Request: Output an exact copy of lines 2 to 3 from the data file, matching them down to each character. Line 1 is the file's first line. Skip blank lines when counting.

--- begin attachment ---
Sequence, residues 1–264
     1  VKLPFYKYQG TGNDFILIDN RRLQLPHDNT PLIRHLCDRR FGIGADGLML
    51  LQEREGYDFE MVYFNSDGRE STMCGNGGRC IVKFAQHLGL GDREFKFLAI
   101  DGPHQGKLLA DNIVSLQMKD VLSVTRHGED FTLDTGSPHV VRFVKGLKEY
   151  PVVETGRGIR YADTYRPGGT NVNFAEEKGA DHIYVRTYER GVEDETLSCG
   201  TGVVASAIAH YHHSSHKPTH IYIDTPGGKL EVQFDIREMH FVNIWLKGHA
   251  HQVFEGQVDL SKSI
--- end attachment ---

     1  VKLPFYKYQG TGNDFILIDN RRLQLPHDNT PLIRHLCDRR FGIGADGLML
    51  LQEREGYDFE MVYFNSDGRE STMCGNGGRC IVKFAQHLGL GDREFKFLAI